Post traumatic stress disorder, or PTSD, is a commonly seen condition, especially in victims of sexual abuse, or in military personnel after deployment. For the most part, it’s categorized as a mental health disorder that’s treated with medications and/or psychotherapy. Personal or family history of anxiety or depression is though to increase your risk of developing PTSD.
In this new study, the presence of inflammation was found to predict later development of PTSD. In particular, each 10 fold level of C-reactive protein (CRP) was associated with a 51% increased likelihood of showing at least one PTSD symptoms after deployment to Iraq or Afghanistan.
When I came across this study, the first thing that came to mind was the numerous previous studies showing that having obstructive sleep apnea (OSA) is strongly associated with elevated levels of CRP, and that treating OSA with CPAP can lower CRP levels.
In addition to higher levels of CRP, OSA is also associated with elevated levels of IL-1, IL-6, and TNF-alpha. CRP is a general marker of inflammation and can even be elevated after surgery.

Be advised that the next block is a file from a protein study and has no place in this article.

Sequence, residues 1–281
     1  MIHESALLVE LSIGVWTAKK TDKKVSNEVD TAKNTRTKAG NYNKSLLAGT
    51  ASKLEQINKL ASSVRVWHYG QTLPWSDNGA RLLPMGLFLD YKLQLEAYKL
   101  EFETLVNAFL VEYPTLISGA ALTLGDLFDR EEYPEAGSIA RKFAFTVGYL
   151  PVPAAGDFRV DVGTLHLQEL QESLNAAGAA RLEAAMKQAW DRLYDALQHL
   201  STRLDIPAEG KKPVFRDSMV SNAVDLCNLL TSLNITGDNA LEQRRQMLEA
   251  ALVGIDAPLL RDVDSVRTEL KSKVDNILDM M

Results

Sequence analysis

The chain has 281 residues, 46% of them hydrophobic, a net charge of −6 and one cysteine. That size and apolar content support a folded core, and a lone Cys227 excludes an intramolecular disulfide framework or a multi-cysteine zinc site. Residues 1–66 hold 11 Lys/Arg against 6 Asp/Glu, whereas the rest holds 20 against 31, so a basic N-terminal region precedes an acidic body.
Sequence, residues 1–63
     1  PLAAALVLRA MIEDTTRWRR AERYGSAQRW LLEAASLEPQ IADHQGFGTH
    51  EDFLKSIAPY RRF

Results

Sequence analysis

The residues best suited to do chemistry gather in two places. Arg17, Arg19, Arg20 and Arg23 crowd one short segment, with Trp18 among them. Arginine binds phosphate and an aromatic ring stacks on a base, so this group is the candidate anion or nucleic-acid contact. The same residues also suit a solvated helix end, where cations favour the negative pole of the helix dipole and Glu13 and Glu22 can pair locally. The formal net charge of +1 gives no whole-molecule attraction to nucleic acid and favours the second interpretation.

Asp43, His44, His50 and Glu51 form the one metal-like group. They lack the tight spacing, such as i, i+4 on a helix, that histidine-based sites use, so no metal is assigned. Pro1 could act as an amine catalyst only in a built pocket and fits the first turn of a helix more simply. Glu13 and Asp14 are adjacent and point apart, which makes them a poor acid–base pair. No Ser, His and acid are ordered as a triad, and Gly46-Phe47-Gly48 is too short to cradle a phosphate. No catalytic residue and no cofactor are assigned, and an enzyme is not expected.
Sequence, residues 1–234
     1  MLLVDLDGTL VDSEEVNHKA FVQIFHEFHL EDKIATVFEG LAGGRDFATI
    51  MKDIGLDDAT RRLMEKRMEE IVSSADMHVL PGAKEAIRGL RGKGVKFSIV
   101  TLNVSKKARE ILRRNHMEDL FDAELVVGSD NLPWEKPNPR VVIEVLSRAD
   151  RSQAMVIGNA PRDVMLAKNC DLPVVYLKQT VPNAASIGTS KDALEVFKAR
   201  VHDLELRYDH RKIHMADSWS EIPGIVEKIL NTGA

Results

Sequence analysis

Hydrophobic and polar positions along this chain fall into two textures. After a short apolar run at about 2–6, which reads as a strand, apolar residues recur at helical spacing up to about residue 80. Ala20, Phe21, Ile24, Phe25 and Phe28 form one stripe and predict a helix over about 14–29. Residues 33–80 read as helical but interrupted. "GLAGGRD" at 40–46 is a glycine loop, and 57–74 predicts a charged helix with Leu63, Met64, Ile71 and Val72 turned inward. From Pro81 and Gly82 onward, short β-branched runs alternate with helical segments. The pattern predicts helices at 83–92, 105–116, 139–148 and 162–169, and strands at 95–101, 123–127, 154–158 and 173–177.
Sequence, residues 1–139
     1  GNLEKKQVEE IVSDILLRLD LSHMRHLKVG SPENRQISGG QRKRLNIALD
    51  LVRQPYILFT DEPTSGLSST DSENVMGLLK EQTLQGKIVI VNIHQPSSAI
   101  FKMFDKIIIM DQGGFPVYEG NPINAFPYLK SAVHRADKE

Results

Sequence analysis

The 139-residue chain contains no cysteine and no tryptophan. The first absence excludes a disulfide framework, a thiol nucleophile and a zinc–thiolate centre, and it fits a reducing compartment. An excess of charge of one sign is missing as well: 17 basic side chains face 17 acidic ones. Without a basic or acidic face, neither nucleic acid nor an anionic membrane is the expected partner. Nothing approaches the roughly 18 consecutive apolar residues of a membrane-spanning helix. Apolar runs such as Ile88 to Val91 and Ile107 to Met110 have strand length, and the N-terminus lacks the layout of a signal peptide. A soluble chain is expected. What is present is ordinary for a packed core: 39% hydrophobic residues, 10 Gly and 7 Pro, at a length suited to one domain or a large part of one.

A good analogy is to say that having a fever increase the chances that you have a cold. Your temperature can also go up if you have pneumonia. There’s nothing special about having an elevated temperature, since it’s a general marker of inflammation. In a similar way both obstructive sleep apnea and PTSD are both associated with elevated levels of CRP.
But what if obstructive sleep apnea increases your chances of developing PTSD? Not too coincidentally, there’s a study showing that veterans with PTSD have up to 50% rate of OSA. Treating OSA can oftentimes improve PTSD symptoms. I’ve had numerous veterans report that their PTSD was completely gone after starting CPAP.
Something to always think about when you’re dealing with PTSD.